Robert Mueller, who was announced late Wednesday afternoon as the special counsel to spearhead the FBI's investigation into Russian connections to the 2016 election "and related matters," has a long history within the organization.
He served as the FBI director from Sept. 2001 until Sept. 2013, directly preceding James Comey, who was fired by President Donald Trump last week.
Mueller and Comey worked together in the past: The two were together during the dramatic hospital showdown in 2004 when they wanted to stop then-Attorney General John Ashcroft from reauthorizing then-President George Bush's domestic surveillance program. Comey testified about the incident in front of the Senate Judiciary Committee in 2007, and it is widely cited as an example of Comey's political independence.
Mueller was nominated to run the FBI by Bush and Mueller assumed the position on Sept. 4, 2001, seven days before the Sept. 11 terrorist attacks.
When he left the bureau and his position was assumed by Comey, who was appointed by then-President Barack Obama, Mueller shared kind words about his successor.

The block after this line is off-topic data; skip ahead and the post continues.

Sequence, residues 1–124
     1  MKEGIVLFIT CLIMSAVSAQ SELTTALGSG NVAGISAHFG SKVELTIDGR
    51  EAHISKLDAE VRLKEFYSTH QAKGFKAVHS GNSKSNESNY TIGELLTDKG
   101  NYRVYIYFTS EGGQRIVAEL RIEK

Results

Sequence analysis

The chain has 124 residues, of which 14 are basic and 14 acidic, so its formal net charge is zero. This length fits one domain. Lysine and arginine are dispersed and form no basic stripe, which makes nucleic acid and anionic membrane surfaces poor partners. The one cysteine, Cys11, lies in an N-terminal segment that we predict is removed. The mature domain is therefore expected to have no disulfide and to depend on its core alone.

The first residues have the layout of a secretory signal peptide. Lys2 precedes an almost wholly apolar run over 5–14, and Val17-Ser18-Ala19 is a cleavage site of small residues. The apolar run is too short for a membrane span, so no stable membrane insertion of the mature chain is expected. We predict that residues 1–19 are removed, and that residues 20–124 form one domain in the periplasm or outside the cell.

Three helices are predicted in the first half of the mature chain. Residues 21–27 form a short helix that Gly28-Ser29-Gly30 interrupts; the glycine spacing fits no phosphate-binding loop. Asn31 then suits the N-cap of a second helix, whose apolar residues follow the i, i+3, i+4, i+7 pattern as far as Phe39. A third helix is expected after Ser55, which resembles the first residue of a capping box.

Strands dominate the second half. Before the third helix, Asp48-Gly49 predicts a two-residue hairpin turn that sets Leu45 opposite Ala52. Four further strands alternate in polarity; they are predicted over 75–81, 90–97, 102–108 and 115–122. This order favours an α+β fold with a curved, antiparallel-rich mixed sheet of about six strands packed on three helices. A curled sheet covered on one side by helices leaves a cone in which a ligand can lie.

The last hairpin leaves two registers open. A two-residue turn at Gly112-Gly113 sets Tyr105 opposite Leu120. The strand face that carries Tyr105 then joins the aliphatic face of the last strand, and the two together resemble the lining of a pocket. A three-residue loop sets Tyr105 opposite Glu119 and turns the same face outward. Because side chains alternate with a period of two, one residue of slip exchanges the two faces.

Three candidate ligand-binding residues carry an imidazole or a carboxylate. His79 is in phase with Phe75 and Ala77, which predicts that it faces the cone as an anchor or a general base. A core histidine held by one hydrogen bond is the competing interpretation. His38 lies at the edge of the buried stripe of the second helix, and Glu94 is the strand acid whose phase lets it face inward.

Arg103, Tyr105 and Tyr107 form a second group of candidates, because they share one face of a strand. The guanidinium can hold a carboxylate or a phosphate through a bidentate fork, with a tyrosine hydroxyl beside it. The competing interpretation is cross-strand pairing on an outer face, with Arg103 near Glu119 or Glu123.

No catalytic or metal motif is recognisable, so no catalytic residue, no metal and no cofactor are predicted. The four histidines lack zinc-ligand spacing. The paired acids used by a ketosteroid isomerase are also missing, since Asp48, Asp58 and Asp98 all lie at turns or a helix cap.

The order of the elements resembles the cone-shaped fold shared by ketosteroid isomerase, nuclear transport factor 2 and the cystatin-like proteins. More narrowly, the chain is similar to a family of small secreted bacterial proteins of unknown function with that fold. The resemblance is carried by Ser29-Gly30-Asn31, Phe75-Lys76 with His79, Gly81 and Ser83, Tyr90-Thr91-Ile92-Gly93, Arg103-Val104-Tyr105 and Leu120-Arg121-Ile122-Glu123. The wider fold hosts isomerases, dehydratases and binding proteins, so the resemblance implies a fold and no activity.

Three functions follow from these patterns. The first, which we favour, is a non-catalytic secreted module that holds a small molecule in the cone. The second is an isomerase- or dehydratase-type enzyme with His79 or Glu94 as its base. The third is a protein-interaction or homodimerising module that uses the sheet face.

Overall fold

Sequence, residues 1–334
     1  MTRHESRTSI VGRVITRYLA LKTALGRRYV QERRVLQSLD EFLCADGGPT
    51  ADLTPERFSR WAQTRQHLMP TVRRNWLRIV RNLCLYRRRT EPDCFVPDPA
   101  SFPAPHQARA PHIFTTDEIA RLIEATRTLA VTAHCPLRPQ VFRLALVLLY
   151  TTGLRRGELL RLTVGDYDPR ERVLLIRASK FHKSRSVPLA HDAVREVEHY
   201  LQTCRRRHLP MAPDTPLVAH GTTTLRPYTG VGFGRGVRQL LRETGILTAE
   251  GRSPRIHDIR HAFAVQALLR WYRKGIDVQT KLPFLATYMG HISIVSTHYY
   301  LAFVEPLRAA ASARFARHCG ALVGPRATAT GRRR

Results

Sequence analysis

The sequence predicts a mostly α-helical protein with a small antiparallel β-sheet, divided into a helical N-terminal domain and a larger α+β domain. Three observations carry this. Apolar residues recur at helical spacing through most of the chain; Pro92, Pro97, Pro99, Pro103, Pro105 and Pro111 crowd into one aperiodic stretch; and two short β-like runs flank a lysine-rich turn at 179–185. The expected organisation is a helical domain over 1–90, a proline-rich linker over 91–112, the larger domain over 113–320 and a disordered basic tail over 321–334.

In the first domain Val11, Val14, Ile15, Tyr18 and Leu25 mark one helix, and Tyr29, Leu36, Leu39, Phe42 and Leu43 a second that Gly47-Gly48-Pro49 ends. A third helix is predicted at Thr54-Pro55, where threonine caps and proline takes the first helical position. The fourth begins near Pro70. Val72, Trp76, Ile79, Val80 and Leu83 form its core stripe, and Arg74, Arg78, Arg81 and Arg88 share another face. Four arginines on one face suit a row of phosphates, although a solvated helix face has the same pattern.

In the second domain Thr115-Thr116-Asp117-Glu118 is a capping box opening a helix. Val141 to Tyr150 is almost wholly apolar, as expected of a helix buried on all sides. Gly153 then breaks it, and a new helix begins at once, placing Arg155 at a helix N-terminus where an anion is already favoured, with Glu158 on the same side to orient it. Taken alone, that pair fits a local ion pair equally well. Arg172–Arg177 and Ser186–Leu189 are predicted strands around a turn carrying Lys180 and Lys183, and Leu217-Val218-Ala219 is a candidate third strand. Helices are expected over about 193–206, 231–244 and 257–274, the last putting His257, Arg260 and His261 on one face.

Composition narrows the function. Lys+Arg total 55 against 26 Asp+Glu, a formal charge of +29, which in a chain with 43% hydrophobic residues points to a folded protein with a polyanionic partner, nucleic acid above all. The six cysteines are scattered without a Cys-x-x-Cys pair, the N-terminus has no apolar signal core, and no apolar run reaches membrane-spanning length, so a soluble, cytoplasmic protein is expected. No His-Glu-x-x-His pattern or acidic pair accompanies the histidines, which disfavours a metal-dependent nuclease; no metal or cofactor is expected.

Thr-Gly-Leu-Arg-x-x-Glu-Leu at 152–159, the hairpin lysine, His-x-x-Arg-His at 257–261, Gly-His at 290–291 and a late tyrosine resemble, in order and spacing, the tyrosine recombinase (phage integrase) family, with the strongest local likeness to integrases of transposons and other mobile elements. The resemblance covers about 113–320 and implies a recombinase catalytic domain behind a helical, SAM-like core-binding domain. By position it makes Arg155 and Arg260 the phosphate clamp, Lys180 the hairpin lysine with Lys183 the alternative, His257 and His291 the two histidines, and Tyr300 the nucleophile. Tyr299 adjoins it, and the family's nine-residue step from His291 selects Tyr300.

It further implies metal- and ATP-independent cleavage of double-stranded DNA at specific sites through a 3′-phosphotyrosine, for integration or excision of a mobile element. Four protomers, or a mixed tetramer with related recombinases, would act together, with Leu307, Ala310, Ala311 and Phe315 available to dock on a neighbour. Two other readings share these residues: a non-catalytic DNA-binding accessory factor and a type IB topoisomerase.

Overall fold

"I have had the opportunity to work with Jim for a number of years in the Department of Justice, and I have found him to be a man of honesty, dedication and integrity. His experience, his judgment, and his strong sense of duty will benefit not only the Bureau, but the country as a whole," Mueller said at the announcement ceremony in the White House's rose garden.
Mueller has been back in the spotlight more recently, too.
NFL commissioner Roger Goodell put Mueller in charge of the investigation into the domestic assault incident involving Baltimore Ravens' running back Ray Rice in 2014.
According to his profile on the FBI website, he served in the marine corps and was a part of the rifle platoon in Vietnam. His profile says that he has received the Bronze Star, two Navy Commendation medals, and a Purple Heart.
He went to Princeton University for his undergraduate degree and the University of Virginia for law school after his military service.
Mueller worked as a litigator in San Francisco before working in the U.S. Attorney's Office in California's Northern District and later in Boston where he worked as Assistant U.S. Attorney, according to the FBI profile.
He later returned to U.S. Attorney's office in San Francisco before being nominated for his job at the FBI.
The Department of Justice reports that Mueller is resigning from his law firm in order to avoid any conflicts of interest with firm clients or attorneys.
New special counsel Robert Mueller has long history at the FBI